Leveraging BizOps Helps RapidMiner’s CMO Shine
We recently sat down with Tom Wentworth, CMO at RapidMiner about leveraging BizOps to strengthen the marketing team. Tom was one of three wonderful panelists at our recent meetup, "From Hair on Fire to Highly Strategic: BizOps in Transition."
Stephanie Fox: You’ve worked closely with and managed BizOps teams throughout your career, and I know BizOps is near and dear to your heart. Has your understanding of BizOps supported your career?
Tom Wentworth: I’ve managed marketing operations in my role as CMO and I believe the marketing ops role has been and is now absolutely essential to my ability to be successful. If fact, when I’m asked what’s the first role that I would hire if I was starting a marketing organization I tell people that operations must be the first hire. When I have gone into new roles at various organizations, I’ve tried to either bring in marketing operations with me or find someone I can rely on to be in that role. I have never done the job myself, but in my role as Head of Marketing, it’s pretty clear that marketing ops is important for me to do my job effectively.
SF: Have you seen execs outside of marketing perpetuate that tactical dynamic for BizOps professionals by constantly making requests for data and asking difficult to answer questions?
TW: Yes, what generally happens is somebody whose title is much bigger than ops says, “I need this,” and they don’t recognize how difficult it is to put the information together. So, the BizOps role cannot be strategic when one spends their entire day working on a single request. Typically the data is not complete and it may not even exist. The exec doesn’t understand why they can’t get what they want all the time. It’s really a hard situation to be in.
SF. So what is the root cause of this disconnect, in your opinion, and what steps can BizOps folks take to move their company’s BizOps function from tactical to strategic?
TW: Product, Sales, and Marketing are the “holy trinity” for SaaS businesses not only because they’re each individually important, but also because they have to work together for the business to succeed. And yet, there’s massive conflict between these groups: Product wonders why Sales isn’t selling more. Marketing wonders why no one is closing the leads they’ve generated. Sales wonders why they keep getting lousy leads for an inadequate product. For an ops person to be a real partner to these teams, they need to understand all three functions in depth, because the truth of what’s working and what’s not is somewhere in the middle of these perspectives. To develop this understanding they need to spend time learning everything they can about these functions in their company. They need to learn about the struggles and what metrics and KPIs matter to these groups. Then they can help drive efforts around a single strategy. I tell ops folks to work with their boss and tell them they want to shadow colleagues in Product, Sales, and Marketing in order to learn more about the business. If someone in BizOps does that, they’re going to have a seat in the front row pretty quickly.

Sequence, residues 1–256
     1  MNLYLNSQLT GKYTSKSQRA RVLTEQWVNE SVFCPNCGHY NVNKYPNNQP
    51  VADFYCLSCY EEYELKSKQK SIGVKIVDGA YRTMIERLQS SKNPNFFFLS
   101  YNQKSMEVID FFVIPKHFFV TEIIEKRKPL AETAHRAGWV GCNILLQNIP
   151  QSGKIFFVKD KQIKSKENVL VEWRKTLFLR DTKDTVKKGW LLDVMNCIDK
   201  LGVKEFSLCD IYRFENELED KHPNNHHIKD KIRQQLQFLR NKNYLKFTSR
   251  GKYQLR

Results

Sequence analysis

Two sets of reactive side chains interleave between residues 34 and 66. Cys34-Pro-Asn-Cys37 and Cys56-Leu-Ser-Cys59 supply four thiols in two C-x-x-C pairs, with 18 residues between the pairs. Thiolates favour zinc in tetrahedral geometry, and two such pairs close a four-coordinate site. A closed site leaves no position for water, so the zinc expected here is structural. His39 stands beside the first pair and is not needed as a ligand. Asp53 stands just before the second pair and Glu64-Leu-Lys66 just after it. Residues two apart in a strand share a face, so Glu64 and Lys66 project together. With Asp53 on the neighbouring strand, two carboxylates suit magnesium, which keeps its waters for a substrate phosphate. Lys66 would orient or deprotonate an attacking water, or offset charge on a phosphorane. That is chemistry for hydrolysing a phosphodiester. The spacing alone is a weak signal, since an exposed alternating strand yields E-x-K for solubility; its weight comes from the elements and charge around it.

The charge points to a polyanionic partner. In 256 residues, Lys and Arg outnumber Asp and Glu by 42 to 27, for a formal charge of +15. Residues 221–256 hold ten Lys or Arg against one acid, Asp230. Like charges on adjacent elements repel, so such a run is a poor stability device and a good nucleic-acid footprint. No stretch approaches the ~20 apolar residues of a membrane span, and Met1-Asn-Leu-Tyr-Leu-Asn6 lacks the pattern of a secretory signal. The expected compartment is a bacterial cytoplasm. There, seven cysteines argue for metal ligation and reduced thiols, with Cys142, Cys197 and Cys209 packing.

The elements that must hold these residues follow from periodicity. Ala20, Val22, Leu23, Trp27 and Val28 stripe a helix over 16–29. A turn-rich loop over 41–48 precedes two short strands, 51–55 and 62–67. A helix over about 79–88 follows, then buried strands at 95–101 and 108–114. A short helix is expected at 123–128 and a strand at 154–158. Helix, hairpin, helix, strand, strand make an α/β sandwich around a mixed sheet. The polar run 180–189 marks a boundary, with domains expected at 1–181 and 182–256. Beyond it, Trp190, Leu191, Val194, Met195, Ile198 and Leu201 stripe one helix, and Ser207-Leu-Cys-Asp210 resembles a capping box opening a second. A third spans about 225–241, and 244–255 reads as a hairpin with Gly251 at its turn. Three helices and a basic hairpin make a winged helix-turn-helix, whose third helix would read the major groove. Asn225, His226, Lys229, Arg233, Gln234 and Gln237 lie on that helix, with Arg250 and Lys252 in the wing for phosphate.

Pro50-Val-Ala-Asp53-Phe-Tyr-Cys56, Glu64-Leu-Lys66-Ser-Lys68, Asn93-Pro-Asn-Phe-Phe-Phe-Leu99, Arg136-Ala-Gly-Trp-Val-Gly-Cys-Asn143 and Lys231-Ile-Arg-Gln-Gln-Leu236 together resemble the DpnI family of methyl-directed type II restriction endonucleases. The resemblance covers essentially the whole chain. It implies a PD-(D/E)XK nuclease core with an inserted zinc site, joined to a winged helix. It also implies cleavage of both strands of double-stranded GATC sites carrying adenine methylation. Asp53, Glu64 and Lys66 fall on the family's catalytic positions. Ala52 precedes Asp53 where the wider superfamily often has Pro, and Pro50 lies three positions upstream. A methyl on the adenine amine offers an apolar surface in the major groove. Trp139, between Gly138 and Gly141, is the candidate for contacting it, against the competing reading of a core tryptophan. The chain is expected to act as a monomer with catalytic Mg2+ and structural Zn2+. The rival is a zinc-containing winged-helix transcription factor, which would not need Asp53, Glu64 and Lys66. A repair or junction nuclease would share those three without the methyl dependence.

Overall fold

SF: What are the common traits among the absolute best BizOps people that you’ve worked with?
TW: Curiosity is one key trait. If something doesn’t feel right great BizOps people have the instinct to ask the right questions and use data to prove or disprove something in order to get to the bottom of something. Most problems don't come perfectly framed for one to figure out. Another very important trait is empathy. You want someone who understands that behind the numbers there are people. The key requirement of the ops role is exposing things that are broken, which means they have to have empathy for those who contributed to that problem or who somehow didn’t see the impact before they did. They’re doing forensic accounting on different things, and the net is often that something’s not working. The best people in BizOps are those who are able to communicate without anger or judgement when they find something broken. They just point it out, propose a solution, and move ahead.
SF: In your opinion should BizOps be centralized or decentralized in an organization?
TW: I think that keeping it separate and subordinate to the business lines creates accidental bias. I am 100% certain it should be centralized, especially as the company gets bigger. You need someone who ties the whole picture together.
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Steph served as Rekener’s Community Manager and CMO. A Rekener co-founder, she was previously Senior Director of Marketing at CCC, a $300M+ recurring revenue business, and served in marketing leadership roles at Vertical, @stake, Informio, DotContent and Meridian. Her first recurring revenue role was as an inside sales rep selling real-time stock pricing subscriptions.
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